Facilities are expected to carefully screen those who are trying to visit and err on the side of turning away potential visitors if they appear to be exhibiting symptoms of illness. This conflicts in some way with the resident’s right to receive visitors, but there is interim guidance from both the CDC and CMS which requires the nursing home to establish procedures for controlling access to the facility.
In addition, the CMS has urged nursing homes to consider alternatives to visits. Some states are even going beyond this guidance and imposing blanket bans on nursing home visits. The current CMS guidance issued on March 13 is that nursing homes can only allow visits in compassionate situations and must establish strict controls for those who are allowed into the nursing home
The general rule is that a nursing home must have an activity program that is “designed to meet the interests, physical, and psychosocial well-being of each resident.” In the federal rules regarding quality of life, the resident is given the right to interact with other residents in the facility and also to have the right to make choices about aspects of their life at the facility that affect them.
The CDC’s interim guidance restricts some of the activities available to the residents and their rights to interact with other residents under many circumstances. For example, the CDC’s guidance urges nursing homes to reconsider group activities. While group activities would ordinarily foster communal involvement and engagement, they can now be considered dangerous.
In addition, nursing homes now must consider keeping residents away from one another as the prospect of a coronavirus outbreak in the facility is a serious threat. While they would have run afoul of inspectors by keeping residents more isolated, now they should consider ways to keep residents apart when communal spread is a threat. The concept of social distancing is a departure from the usual nursing home regulations.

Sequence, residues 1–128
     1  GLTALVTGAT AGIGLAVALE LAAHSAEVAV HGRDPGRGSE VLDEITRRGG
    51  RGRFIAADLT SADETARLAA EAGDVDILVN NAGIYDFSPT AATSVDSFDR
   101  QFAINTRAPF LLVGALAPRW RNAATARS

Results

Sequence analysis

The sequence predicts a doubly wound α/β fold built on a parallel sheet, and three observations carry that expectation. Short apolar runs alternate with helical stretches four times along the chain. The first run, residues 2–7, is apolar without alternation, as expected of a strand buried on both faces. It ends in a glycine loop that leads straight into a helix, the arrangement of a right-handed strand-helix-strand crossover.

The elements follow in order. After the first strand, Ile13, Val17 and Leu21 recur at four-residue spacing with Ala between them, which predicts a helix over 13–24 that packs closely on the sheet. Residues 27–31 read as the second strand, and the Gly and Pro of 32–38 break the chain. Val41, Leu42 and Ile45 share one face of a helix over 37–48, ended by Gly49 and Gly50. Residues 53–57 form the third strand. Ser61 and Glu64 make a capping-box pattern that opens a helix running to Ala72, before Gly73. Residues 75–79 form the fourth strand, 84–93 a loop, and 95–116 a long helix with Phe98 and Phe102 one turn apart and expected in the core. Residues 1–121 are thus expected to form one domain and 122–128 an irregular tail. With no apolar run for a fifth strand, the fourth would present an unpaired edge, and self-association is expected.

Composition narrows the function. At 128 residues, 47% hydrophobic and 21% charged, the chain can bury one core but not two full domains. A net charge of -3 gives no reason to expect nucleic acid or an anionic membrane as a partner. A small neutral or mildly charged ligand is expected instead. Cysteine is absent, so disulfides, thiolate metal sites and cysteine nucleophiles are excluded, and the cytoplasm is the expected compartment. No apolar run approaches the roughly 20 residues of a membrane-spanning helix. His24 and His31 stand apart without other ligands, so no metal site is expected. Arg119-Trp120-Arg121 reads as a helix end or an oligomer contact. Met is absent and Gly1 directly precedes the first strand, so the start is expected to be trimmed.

Nursing Home Inspections
The restrictions on nursing home access will even impact how the states and the federal government can enforce their rules. Nursing homes are subject to annual inspections and government regulators will also visit the nursing home to investigate complaints or suspected rule violations.
The government can still enforce the rules, but now must be more careful about sending inspectors into the facilities. One of the challenges that the states now face (state inspectors go into the nursing home for federal inspections too) is to get inspectors into nursing homes because they may have been in other facilities where they were exposed to Covid-19.
Nonetheless, this is not presently viewed as a problem if they properly protected themselves at other facilities. However, this is an area that could change if the pandemic continues to worsen.
These are four areas where the CMS’ and CDC’s interim guidance will impact nursing home rules and regulations. As more becomes known about coronavirus and the impacts become clearer, there may be more changes in store for nursing homes. Moreover, it is unclear at this point whether failure to follow this interim guidance would lead to penalties for nursing homes or legal liability if a resident becomes sick.
This column does not necessarily reflect the opinion of The Bureau of National Affairs, Inc. or its owners.
Jonathan Rosenfeld is a trial attorney in Chicago at Rosenfeld Injury Lawyers LLC. A substantial portion of his cases are related to negligence in nursing homes and other long-term care facilities.